If you had the opportunity to write a letter to nature, what would you say? Ikon Gallery’s brand new exhibition explores exactly that and our relationship with the natural world.
The major showcase exemplifies Birmingham-born John Newling’s strong environmental proposition, while pushing the boundaries of what defines art. In March, visitors are invited to gain an exclusive insight into the artist’s concerns for our environment and the implications our actions are having on it.
Director of the Ikon Gallery, Jonathan Watkins says: ‘Nature is connected to everything. Art contributes other voices to a global conversation, but it certainly is not or should not be a privileged one.’
John Newling, Dear Nature (2018), Courtesy the artist.
At the heart of the exhibition is Dear Nature – a book published in 2018 – comprising of letters John wrote to nature every day for 81 days. Alongside his letters, audiences are treated to ‘a miracle of life’ – photographs of a growing flax seedling, cultivated in John’s own studio.
Earlier in his career, the 67-year-old worked with flax farmers in France who provided him with thousands of seeds sourced from India.
‘I came [home] and wanted to experience what they experience,’ he says, ‘so I converted my garden into a flax field and planted them, then studied them.
‘While I was doing that, I began to write the letters. With each letter, I pulled up a plant from the garden, pressed it and [put it in the book], so what you see is 81 days of a flax plant growing,’ he adds.
John Newling, Dear Nature (2018), Courtesy the artist.
John explains that for almost three months he was ‘locked into writing the letters’ and the first thing he wrote was an apology to nature. But why 81 days? ‘That [applies] to a lot of my work,’ he claims, ‘there’s mathematics in a lot of it and nine by nine is 81, plus when I reached the last letter it felt like I had covered all the thoughts I had been having for years and the right time to stop.’
John is an artist who belongs to a generation that grew up with Conceptual Art, Land Art and Arte Povera in the 1960s. During his time in America in 1985, as the first recipient of a Fulbright fellowship in visual arts, he produced works of art in hotels, swimming pools, burnt out cars and on the streets of Los Angeles, San Francisco, Washington DC and New York. This experience marked the beginning of an interest in the meaning of ‘place’ for John.
‘I was trying to work out a way in which art can spread from the gallery into other spaces, where it has a different set of relationships to the space [it’s in] and the people experiencing it,’ he says.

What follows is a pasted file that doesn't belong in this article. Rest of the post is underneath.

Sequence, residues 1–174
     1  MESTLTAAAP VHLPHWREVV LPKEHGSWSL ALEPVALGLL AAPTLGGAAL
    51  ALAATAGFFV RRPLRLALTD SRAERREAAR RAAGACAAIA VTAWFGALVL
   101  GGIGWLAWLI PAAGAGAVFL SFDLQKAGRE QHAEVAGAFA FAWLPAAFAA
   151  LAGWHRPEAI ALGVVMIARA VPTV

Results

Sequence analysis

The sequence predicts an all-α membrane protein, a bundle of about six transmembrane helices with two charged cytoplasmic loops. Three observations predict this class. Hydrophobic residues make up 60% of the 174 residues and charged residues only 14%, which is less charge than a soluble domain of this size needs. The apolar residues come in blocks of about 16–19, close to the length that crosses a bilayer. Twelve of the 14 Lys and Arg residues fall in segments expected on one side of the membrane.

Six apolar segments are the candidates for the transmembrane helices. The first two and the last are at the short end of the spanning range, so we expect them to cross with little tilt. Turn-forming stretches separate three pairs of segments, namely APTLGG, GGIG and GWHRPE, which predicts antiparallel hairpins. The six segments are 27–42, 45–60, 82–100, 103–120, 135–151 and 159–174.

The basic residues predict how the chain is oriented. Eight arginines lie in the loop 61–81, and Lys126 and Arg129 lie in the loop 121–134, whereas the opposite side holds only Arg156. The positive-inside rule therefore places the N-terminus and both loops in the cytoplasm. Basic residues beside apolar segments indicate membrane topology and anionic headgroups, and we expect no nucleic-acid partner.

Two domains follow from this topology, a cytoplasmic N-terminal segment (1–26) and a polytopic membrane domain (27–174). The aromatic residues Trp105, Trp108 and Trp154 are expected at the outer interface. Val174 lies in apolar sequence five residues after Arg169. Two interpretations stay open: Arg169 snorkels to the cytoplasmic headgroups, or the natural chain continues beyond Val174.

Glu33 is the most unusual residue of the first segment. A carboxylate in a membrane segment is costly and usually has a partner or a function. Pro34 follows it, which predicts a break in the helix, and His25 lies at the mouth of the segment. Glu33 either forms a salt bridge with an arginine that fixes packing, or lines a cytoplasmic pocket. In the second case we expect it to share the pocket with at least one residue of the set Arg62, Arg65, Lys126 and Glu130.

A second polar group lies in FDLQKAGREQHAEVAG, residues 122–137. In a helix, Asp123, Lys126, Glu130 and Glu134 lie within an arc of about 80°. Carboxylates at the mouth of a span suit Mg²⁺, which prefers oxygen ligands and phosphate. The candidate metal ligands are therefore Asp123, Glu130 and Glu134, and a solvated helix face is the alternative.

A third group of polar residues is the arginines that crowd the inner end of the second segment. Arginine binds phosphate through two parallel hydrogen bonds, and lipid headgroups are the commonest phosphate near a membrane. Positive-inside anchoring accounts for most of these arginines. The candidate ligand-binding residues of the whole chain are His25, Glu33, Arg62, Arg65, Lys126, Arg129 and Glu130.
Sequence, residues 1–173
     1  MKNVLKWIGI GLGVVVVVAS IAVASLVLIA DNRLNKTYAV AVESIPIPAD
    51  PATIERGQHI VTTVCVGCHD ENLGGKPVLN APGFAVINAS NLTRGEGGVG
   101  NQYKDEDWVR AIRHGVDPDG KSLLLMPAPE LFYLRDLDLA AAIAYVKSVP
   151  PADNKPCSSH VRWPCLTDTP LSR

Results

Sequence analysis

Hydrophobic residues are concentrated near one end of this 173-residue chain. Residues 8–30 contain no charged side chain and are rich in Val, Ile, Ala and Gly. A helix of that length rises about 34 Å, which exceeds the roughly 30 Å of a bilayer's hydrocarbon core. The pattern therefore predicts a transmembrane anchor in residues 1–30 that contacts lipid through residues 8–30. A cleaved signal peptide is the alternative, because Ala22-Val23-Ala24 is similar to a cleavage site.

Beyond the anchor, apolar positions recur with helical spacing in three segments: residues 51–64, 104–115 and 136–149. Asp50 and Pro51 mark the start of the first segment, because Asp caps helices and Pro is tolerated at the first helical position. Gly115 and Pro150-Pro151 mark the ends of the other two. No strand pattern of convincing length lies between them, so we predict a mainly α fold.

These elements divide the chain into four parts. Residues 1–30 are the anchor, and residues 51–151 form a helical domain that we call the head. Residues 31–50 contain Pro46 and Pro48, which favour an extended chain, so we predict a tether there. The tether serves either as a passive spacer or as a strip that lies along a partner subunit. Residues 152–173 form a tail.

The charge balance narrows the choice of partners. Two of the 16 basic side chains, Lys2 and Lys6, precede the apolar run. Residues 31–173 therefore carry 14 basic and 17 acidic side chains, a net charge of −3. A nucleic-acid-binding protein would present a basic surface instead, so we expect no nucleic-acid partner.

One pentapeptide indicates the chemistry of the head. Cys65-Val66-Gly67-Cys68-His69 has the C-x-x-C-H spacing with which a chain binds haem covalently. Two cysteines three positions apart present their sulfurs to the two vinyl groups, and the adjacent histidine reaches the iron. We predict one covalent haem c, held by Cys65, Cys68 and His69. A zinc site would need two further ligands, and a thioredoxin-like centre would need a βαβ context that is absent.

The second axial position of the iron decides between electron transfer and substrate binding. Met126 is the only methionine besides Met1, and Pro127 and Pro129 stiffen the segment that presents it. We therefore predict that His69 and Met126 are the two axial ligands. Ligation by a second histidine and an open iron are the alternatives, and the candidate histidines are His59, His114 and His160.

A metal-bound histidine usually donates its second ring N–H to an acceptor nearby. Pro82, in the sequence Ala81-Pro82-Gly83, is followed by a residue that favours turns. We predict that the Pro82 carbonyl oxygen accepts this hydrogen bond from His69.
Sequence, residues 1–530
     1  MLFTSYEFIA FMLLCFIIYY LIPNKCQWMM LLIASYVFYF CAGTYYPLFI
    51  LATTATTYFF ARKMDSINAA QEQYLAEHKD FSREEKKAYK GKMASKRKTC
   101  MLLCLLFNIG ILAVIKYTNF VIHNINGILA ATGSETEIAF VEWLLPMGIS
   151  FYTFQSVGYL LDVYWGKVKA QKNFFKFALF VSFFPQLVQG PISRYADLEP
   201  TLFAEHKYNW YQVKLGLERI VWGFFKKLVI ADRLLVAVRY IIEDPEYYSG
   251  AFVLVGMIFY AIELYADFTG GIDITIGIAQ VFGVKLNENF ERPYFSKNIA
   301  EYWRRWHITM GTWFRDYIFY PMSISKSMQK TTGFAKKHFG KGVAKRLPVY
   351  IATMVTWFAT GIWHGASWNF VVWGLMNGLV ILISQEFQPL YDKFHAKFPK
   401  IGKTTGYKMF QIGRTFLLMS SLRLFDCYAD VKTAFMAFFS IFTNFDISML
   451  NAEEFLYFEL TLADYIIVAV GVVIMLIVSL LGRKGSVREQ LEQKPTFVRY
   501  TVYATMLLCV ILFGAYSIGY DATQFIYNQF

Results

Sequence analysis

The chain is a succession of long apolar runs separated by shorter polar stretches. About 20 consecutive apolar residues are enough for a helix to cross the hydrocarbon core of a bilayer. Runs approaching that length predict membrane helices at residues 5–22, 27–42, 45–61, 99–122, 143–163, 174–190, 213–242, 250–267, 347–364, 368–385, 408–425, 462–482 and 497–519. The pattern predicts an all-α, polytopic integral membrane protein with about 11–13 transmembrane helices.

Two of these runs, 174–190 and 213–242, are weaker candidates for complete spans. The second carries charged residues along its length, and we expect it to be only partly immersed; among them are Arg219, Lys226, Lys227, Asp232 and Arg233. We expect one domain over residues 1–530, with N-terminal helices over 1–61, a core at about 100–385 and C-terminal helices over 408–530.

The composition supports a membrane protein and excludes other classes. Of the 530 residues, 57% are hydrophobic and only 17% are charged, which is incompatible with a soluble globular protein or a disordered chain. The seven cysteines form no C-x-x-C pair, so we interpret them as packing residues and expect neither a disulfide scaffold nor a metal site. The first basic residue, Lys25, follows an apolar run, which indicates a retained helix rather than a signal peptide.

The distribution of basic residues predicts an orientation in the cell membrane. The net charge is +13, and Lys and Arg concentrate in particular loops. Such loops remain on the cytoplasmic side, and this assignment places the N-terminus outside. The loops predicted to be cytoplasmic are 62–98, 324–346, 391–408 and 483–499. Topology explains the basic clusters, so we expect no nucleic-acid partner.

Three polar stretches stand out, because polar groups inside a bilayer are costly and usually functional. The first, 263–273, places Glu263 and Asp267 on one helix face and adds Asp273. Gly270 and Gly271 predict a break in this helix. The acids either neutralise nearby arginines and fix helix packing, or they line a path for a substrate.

‘I’m interested in the archeology and geology of place and how people refer to it. An example would be how we associate place with time. In a garden you are forced to slow down because that’s what nature does. Particularly in forests and walking through nature, your heartbeat improves and your whole sense of being is much more connected to the [earth].’
Living in a three storey house consisting of a lower floor studio space parallel to the garden, curiosity of the relationship between indoor and outdoor and the idea of repurposing waste has been constant for the gardener come artist.
John Newling, Waste Land Soil (2018), Mixed media, Courtesy the artist.
In 2018, John produced Waste Land Soil which involved him shredding several hundred copies of T. S. Eliot’s poem The Waste Land, combined with coffee grounds and other kitchen scraps to make a soil that can sustain vegetative growth – thus the opposite of waste. In a reverse process, he used the soil to make paper for his Eliot’s Note Books (2017), 434 paper sheets reflecting the 434 lines in Eliot’s poem that, if placed in the earth, would grow and sustain life.
A further work Soil Books (2019), involves the artist creating books made with soil from his garden to embody the idea of the Anthropocene – our current geological age in which human impact is evident. The Soil Books are sculptures, derived from John’s everyday experience of walking from his house into his back garden, picking up leaves along the way. The result is book-like stacks of panels of processed soil with the leaves, pressed and gilded, on the surfaces which are then stained with watercolour. The order of the books is crucial, indicating seasonal change.
John Newling, Eliot's Note Books (2017), Mixed media, Courtesy the artist.
John believes more people should consider our environmental impact, something which he hopes to encourage through his work.
‘We need to slow down and enjoy the wonder of [the natural world]. If we forget about that and plough on with arrogance and concede, then we are in terrible trouble. We have to change.’
He hopes visitors to his exhibition will leave with a greater sense of connectedness to the earth and human inventiveness as well as having seen extraordinary things not seen before.
Meanwhile, Jonathan Watkins urges gardeners among others to visit the exhibition.
‘John is one of them,’ he exclaims, ‘to paraphrase Voltaire, I like the way John cultivates his own garden – literally! He is refreshingly unpretentious with his ecological proposition.’
The exhibition extends beyond the gallery space, with readings of Dear Nature resounding throughout Ikon’s staircase and further works sited nearby in the cherry trees in Oozells Square, Brindleyplace.
Ikon is holding a live reading of Dear Nature by John Newling as part of the Launch Night. The exhibition will run from 4 March – 31 May 2020. Find out more.